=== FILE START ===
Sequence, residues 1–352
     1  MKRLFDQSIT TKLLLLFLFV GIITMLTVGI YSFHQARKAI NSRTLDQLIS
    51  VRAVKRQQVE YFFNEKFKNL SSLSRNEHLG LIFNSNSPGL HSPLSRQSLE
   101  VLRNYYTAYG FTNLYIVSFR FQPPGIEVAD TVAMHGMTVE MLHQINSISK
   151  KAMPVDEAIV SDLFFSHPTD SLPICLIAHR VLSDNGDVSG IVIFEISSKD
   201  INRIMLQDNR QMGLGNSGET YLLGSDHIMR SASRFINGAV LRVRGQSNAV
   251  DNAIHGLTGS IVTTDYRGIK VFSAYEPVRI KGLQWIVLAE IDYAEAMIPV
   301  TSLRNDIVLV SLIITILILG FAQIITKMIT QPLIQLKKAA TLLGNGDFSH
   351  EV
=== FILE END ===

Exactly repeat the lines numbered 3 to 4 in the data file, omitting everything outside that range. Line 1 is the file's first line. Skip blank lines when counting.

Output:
    51  VRAVKRQQVE YFFNEKFKNL SSLSRNEHLG LIFNSNSPGL HSPLSRQSLE
   101  VLRNYYTAYG FTNLYIVSFR FQPPGIEVAD TVAMHGMTVE MLHQINSISK